Follow-up to my Man-Moth post [right below]. So start there.
As I say in comments in response to Peter, I take it our melancholy (indeed, as per the final stanza mono-lachrymous) protagonist wants to be squeezed out through the little hole he benightedly takes the moon to be. He envisions himself becoming like scrolling black toothpaste - pasty, reduced-moth volutes [see illustration] adorning the capital of the black column of the world, emerging into the upper world of the light. Somehow this fits with his anxiety that the sky is not a properly protective roof.
On the other hand, if "be forced through, as from a tube, in black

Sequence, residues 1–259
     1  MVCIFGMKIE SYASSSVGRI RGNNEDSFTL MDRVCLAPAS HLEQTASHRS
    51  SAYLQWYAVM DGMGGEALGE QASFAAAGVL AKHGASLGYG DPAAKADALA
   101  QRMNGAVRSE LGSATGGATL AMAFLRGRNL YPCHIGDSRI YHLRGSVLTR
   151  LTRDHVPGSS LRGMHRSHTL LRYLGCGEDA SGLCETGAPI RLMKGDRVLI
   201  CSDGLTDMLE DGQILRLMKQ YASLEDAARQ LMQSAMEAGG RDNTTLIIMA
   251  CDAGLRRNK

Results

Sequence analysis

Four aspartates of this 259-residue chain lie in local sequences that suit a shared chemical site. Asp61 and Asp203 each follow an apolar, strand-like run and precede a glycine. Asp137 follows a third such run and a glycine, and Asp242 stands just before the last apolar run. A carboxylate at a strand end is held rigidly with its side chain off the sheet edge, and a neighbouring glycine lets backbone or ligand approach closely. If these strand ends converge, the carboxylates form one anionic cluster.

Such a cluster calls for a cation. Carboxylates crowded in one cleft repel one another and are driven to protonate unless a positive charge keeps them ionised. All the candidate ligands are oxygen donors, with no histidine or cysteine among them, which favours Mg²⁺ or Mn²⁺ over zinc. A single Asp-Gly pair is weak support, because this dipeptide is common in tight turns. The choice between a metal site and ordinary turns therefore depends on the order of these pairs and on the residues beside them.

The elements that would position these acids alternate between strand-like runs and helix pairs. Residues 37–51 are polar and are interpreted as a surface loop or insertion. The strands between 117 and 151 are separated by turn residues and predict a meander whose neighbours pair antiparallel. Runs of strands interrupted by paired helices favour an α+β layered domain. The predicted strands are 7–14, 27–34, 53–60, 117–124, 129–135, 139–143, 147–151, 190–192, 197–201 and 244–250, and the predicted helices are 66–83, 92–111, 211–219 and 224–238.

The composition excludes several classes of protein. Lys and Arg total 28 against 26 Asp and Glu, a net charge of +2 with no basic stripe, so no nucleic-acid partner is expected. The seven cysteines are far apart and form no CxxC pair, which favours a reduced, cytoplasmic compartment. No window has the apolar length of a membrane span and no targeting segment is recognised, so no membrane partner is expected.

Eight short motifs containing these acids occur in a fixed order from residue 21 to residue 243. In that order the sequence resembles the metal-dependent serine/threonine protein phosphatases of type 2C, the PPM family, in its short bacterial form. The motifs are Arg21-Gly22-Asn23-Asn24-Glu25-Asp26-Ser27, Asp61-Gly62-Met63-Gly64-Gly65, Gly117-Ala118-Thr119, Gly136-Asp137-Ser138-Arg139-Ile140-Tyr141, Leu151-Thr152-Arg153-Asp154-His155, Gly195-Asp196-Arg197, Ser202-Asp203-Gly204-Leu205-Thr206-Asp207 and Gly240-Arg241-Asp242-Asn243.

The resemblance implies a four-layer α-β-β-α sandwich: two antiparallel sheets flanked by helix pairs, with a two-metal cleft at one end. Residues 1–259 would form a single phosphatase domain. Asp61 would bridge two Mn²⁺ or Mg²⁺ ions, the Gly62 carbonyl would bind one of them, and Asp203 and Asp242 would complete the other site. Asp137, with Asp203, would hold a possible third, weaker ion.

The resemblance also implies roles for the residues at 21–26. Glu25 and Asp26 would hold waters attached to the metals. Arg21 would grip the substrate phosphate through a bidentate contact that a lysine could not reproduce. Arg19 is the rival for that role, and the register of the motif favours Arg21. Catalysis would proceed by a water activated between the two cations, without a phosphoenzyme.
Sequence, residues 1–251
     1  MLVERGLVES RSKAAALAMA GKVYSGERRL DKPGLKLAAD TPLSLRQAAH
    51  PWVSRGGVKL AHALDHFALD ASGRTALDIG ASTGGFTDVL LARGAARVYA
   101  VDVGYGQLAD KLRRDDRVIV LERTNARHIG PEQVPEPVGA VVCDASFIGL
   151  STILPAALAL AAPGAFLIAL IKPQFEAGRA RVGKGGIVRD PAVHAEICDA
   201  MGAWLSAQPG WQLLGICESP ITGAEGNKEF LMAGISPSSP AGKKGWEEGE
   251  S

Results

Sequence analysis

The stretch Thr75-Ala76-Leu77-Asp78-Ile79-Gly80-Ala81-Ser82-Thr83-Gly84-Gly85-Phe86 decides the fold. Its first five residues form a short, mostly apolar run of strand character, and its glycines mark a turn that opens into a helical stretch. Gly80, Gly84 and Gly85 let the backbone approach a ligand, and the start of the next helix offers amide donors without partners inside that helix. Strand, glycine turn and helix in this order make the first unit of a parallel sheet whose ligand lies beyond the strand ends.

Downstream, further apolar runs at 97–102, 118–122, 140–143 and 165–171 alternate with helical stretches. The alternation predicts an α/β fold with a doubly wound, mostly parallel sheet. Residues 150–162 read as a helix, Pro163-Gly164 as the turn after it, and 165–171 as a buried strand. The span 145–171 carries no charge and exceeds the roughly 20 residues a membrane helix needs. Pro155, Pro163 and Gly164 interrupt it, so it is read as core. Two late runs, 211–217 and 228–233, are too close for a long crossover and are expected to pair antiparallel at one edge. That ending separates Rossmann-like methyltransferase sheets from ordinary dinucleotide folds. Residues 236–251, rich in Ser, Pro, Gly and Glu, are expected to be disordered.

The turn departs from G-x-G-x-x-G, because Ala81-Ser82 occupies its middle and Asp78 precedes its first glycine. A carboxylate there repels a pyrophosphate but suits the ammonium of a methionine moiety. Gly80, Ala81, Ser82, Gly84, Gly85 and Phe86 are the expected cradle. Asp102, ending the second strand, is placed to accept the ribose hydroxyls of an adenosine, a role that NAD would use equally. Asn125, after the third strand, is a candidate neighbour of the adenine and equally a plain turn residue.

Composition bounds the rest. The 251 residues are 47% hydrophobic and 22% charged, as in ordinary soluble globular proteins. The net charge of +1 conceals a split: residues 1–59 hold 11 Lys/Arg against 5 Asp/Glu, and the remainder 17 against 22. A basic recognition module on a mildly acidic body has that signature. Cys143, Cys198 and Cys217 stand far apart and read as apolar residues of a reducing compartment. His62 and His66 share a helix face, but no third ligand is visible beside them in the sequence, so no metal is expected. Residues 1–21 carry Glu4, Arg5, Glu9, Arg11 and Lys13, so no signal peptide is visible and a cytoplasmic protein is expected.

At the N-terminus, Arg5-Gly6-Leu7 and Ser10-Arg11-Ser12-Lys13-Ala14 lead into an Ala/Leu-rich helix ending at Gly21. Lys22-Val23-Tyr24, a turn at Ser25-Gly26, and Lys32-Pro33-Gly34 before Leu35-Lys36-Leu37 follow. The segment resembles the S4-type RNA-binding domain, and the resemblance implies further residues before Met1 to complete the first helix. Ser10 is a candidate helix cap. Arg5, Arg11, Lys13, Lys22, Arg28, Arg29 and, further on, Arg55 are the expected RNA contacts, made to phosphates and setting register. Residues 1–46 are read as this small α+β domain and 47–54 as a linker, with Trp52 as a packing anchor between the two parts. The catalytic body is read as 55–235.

scrolls on the light" contains a typo for 'scrawls', then this is on a par with the
whole mountain/fountain kerfuffle in Pale Fire. (Do we trust this site, plagiarist.com? Anyone have a more reputable text to check against?)
It seems appropriate to give your insect characters spatial anxieties - about being squeezed; strange obsessive-compulsions to enter and remain in cramped and dubious spaces. I've never been a bug, but this seems reasonable to me. As per my previous post, bug hero comics in the 60's (and earlier) often didn't manage to generate the appropriate atmosphere of existential dread. Perhaps this is why the genre declined. (I'm working that bondage cover art page for all it's worth.)
"Keep pushing, fly girl! We must keep the ceiling and floor apart," sounds like a babblefished-and-back version of some Parliament lyrics. "The roof, the roof, the roof is on the floor." And Lxo is losing focus - is hardly Shakespearean. Dramatically, "Man-Moth" is more successful at evoking dread at the awful prospect of being squeezed.